- White Latex Paint – I like Behr Premium Plus Latex.
- Floetrol (optional)
- Minwax Wipe-On Polyurethane in Clear Satin
- Old Rags
- 2 Paint Brushes
I eyed these two “beauties” on a Facebook page. Realizing they were solid wood and in good shape, I knew they had serious potential by using gel stain to refinish the surface.
You can see a funky inlay pattern and also some deep-set water stains. I decided to do my favorite combination of a dark stained top and white bottom.
1. Prep Work
Before learning how to gel stain wood, the first step of any project is to make sure your piece is structurally sound. I tightened all the bolts underneath and would have added wood glue or wood epoxy if needed. Nobody likes wobbly furniture.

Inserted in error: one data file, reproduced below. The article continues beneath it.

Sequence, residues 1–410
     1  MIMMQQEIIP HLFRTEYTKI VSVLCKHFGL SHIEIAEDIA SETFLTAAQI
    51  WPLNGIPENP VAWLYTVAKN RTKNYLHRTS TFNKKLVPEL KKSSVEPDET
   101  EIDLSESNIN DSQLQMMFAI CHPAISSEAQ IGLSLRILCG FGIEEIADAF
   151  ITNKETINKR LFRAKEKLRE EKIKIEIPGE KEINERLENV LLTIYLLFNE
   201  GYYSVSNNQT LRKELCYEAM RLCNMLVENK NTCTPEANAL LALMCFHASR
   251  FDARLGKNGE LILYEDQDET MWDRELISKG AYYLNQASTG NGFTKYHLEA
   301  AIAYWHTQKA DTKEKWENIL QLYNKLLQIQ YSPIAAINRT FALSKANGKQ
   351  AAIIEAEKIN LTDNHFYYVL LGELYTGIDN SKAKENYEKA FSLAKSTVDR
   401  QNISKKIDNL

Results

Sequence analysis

Next, I sanded with my electric sander and a rougher sanding pad. Check out my post and video on how to sand furniture with and electric sander here. I wanted to get rid of any trace of the water damage and inlay design. I then wiped the table with a slightly damp rag to remove the sanding dust.
To prime, I used Zinsser Bullseye 123 and painted on a THICK coat onto the tables. I’m a big fan of this product. It settles very well for a primer, leaving very few brush strokes, and it dries fast with little odor. Although it is water-based, it still blocks out the old stain and makes a good foundation for the gel stain to look like stained wood.
4. Paint the Legs and Apron
I like to get the most difficult painting tasks out of the way first, so I decided to work on the legs next. I added Floetrol to my paint (according to the directions on the back) which makes the paint settle better, leaving fewer brush strokes. Normally, this isn’t a big deal because you can sand out obvious brush strokes but any kind of woodwork with spindles is not easy to sand. Because Floetrol also thins the paint some, it took me 2 coats of paint on the legs. If you aren’t a stickler about brush strokes, the Floetrol is not a must.
5. Add the Base Coat